Preparedness and Cognitive Legitimacy as Antecedents of New Venture Funding in Televised Business Pitches

By Pollack, Jeffrey M.; Rutherford, Matthew W. et al. | Entrepreneurship: Theory and Practice, September 2012 | Go to article overview

Preparedness and Cognitive Legitimacy as Antecedents of New Venture Funding in Televised Business Pitches


Pollack, Jeffrey M., Rutherford, Matthew W., Nagy, Brian G., Entrepreneurship: Theory and Practice


This research addresses the question of what specific entrepreneurs' behavior increases the propensity for resource acquisition. Within the context of business "pitches," we explore subtleties in the process via a theoretically derived model linking entrepreneurs' preparedness behavior, perceived cognitive legitimacy, and amount of funding received. We test this model using data coded from two sources: 14 episodes of the television show "Shark Tank" that aired in 2009, as well as 84 episodes of "Dragons Den" that aired from 2005 to 2010. Within these episodes, we specifically examine the 113 individual business pitches that received funding. Overall, results suggest the relationship between entrepreneurs' preparedness behavior and the amount of funding received is mediated by cognitive legitimacy. Specifically, entrepreneurs' increased preparedness behavior was positively related to increased cognitive legitimacy. Cognitive legitimacy, in turn, was positively related to amount of funding received. We offer thoughts regarding implications from both theoretical and practical perspectives.

Introduction

To sustain and grow their ventures, it is crucial for early stage entrepreneurs to engage in behaviors related to acquiring financial support. Unfortunately, the efforts of these entrepreneurs to acquire crucial resources often fail due to inherent liabilities of newness and smallness (Aldrich & Fiol, 1994; Delmar & Shane, 2004). Consequently, the prospects for the success of new ventures are precarious (Timmons, 1999).

Over 40 billion dollars is awarded each year to entrepreneurs in the United States by equity financiers, including angel investors and venture capitalists (Angel Capital Association, 2012; National Venture Capital Association, 2012). These investments enable entrepreneurs to create new jobs, develop innovative products, and speed economic growth. Accordingly, from both practical and theoretical viewpoints, research regarding entrepreneurs' behavior that can facilitate the attainment of resources from financiers is among the most pressing issues for entrepreneurs and scholars (Aldrich & Fiol, 1994; Baron, 2007; Delmar & Shane, 2004; Maxwell, Jeffrey, & Levesque, 2011). Though it is widely accepted that "Asking for funds is a behavior ..." (Bird & Schjoedt, 2009, p. 335), as researchers we know little about what specific entrepreneurs' behavior increases the propensity for this type of resource acquisition.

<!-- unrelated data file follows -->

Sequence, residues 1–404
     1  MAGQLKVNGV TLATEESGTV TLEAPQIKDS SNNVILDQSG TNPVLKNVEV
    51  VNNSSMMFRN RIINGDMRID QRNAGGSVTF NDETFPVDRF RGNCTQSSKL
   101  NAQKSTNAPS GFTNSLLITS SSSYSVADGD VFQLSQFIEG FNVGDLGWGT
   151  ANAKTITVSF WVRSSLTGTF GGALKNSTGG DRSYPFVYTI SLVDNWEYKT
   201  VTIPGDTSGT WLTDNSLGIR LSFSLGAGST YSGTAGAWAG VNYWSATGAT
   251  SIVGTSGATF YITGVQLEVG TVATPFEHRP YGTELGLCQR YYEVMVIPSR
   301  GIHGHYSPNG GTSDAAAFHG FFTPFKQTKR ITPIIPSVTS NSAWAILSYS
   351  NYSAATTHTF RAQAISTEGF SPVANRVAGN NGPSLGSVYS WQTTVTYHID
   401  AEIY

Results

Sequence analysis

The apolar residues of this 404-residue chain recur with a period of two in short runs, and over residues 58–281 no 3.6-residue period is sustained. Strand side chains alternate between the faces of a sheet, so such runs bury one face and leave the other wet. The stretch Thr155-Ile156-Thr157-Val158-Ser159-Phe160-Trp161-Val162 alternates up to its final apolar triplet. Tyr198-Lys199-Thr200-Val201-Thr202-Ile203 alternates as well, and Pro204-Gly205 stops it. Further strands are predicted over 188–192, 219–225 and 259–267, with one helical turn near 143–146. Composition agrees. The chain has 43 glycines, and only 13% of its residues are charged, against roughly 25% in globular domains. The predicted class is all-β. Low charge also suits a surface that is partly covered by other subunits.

One emerging area of study on resource attainment behavior that resides at the confluence of research and practice relates to the "business pitch." The business pitch represents efforts on the part of an entrepreneur (i.e., the pitcher) to entice an investor (i.e., catcher) to provide resources (e.g., capital). In the present research, consistent with calls for behaviorally anchored inquiry, we examine subtleties of entrepreneurs' communication-focused behavior of pitching (e.g., Bird, 1989; Bird & Schjoedt, 2009). As Bird and Schjoedt (p. 342) noted, "Communication is critical to overcoming the liabilities of newness since actions taken to legitimize, create positive perception or reputation, and establish reliable production, delivery, and accountability systems all involve communication or display." In sum, entrepreneurs who seek resources from investors via pitching engage in a form of communication that constitutes behavior. (1) And, this behavior (of pitching) is critical as objective organizational performance measures that can demonstrate to potential investors that a venture is a viable investment option are generally not available. The lack of information related to operating revenues and expenses can severely deter the investment process, as the basic axiom of investment theory remains that an investor will invest only when the present value of the future returns from the new venture is calculated and known to be greater than the proposed present value of the investment (Brealey & Myers, 1991). …

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